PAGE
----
X
X

Punitive Psychiatry Reemerges in Post-Soviet States

Crimean Tatar political activist Ilmi Umerov (second from left) during a trial in Simferopol, Crimea. The Russian authorities charged Umerov with criminal separatism and detained him at a psychiatric facility for several weeks for opposing Russia’s annexation of Crimea. (Photo: Ilmi Umerov’s Facebook account)

Last summer, Crimean Tatar political activist Ilmi Umerov was receiving treatment for high blood pressure in a Simferopol hospital when FSB officers showed up one day and hauled him off to a psychiatric facility for an evaluation.
 
Umerov, a former deputy chairman of the Mejlis, the Crimean Tatar representative body, had been a vocal critic of Russia’s annexation of Crimea. In May 2016, the FSB charged him with criminal separatism after he declared, in Tatar: “We must force Russia to withdraw from Crimea.”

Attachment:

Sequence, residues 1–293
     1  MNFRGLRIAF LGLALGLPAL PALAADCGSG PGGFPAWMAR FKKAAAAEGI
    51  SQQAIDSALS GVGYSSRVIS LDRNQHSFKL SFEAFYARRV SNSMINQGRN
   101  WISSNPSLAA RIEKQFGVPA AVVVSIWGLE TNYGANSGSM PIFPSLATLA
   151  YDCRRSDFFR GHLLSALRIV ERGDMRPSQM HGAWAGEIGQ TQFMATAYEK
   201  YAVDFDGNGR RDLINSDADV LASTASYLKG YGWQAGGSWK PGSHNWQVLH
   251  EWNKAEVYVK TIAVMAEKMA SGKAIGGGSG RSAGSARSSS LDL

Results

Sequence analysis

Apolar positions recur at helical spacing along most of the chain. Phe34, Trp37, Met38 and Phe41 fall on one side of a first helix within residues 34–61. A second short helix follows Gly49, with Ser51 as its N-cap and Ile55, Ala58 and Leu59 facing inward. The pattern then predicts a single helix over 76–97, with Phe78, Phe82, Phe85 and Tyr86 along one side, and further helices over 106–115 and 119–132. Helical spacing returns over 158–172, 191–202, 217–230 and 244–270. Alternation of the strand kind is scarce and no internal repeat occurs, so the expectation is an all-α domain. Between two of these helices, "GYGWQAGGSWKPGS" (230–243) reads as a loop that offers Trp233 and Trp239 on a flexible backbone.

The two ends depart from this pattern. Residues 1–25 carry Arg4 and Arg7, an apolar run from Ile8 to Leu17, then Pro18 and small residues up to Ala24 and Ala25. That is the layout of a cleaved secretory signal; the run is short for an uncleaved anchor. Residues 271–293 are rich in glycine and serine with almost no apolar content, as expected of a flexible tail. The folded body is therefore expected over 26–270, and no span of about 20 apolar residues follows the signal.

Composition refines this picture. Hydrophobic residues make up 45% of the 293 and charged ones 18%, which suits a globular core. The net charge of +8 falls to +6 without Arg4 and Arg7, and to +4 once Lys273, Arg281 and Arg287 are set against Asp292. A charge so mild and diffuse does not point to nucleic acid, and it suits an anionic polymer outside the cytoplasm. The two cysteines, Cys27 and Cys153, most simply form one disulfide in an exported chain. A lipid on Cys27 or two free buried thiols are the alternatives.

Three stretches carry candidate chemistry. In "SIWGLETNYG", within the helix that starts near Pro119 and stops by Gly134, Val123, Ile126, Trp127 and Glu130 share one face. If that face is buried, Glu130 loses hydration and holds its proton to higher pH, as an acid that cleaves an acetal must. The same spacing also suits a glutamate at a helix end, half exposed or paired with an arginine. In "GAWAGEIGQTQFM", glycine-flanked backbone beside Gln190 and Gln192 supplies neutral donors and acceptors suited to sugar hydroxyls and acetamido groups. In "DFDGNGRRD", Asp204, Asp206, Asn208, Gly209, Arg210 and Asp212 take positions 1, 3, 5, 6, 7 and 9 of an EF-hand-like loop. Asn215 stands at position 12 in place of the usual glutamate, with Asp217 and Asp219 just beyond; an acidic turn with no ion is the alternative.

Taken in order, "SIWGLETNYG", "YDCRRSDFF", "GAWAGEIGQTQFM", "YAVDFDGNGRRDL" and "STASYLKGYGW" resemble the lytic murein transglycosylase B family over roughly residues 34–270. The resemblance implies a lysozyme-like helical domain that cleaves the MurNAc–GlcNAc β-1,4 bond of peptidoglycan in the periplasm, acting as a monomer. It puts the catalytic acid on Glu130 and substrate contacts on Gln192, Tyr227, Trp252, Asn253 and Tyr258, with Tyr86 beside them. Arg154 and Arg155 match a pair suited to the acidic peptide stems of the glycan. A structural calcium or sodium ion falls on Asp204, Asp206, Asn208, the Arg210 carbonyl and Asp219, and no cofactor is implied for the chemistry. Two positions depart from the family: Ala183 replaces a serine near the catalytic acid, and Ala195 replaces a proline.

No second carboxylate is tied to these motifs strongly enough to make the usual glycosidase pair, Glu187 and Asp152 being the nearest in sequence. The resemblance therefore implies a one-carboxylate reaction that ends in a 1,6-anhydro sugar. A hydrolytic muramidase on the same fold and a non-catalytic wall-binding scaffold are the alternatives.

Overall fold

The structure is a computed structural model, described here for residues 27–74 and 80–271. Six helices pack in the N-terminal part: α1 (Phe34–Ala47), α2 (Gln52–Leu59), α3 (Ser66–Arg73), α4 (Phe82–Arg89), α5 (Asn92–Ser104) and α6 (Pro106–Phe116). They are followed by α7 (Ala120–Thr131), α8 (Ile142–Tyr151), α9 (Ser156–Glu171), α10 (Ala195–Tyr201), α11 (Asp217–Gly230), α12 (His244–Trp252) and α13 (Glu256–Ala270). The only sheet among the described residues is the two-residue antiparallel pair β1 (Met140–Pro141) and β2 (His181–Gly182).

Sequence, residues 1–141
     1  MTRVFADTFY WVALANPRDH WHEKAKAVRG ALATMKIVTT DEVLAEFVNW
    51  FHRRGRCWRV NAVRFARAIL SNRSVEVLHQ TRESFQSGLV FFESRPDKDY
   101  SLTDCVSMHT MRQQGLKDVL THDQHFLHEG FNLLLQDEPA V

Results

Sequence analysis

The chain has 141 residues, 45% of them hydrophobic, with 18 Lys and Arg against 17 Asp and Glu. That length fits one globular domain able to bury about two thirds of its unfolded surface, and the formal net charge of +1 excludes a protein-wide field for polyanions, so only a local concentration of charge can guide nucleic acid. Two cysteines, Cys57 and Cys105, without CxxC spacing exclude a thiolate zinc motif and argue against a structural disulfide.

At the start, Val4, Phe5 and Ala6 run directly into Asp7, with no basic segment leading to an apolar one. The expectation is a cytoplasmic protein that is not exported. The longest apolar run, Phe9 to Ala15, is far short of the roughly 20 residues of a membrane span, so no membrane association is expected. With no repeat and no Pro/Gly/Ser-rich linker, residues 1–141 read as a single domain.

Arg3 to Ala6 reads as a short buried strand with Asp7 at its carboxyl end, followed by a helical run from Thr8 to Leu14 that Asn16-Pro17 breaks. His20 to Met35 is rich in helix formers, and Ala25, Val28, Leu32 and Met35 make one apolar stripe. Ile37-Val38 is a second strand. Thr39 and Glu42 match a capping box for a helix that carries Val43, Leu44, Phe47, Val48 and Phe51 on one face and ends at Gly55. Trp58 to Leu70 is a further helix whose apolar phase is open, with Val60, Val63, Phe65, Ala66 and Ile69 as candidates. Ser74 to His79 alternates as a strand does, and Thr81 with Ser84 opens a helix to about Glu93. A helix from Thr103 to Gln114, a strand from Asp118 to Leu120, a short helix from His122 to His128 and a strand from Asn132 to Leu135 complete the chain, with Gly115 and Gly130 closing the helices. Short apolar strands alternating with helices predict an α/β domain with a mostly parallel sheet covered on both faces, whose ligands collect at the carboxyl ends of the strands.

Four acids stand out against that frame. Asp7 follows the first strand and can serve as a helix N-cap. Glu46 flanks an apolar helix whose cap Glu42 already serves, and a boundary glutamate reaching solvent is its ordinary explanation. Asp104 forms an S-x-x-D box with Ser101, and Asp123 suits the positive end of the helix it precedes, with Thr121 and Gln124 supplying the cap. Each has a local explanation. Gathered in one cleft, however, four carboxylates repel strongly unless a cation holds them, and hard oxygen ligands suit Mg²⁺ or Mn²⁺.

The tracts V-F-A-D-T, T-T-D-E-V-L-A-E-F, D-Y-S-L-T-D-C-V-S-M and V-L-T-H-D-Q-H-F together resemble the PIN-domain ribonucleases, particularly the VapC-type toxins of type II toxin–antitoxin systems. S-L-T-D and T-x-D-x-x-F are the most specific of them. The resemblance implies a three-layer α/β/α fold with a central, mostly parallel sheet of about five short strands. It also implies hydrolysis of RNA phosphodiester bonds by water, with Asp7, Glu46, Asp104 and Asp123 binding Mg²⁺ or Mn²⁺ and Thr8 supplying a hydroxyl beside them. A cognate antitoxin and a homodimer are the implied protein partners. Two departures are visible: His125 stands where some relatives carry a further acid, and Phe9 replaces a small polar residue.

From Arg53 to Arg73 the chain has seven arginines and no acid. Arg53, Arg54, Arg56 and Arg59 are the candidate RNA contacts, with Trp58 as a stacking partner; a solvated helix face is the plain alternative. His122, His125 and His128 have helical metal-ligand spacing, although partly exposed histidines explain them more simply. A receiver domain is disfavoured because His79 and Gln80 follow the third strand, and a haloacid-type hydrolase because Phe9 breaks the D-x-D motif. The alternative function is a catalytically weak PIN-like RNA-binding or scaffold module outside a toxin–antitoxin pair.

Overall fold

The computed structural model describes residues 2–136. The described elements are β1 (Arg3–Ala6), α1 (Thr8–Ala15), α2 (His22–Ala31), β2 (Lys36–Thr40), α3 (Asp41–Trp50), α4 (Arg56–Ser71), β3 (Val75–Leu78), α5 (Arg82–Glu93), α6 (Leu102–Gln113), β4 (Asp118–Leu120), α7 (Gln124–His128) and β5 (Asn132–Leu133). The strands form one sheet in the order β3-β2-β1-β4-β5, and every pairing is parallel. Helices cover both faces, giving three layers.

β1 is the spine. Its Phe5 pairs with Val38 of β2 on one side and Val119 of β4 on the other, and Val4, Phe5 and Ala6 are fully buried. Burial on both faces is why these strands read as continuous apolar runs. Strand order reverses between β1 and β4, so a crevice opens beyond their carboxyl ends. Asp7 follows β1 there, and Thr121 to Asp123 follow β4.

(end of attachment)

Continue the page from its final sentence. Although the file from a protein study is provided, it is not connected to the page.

To read the full story

Madeline Roache is a London-based freelance journalist focusing on human rights conditions in the former Soviet Union. She recently completed an MA in Russian politics at University College London.

Punitive Psychiatry Reemerges in Post-Soviet States

1 / 1
X
> <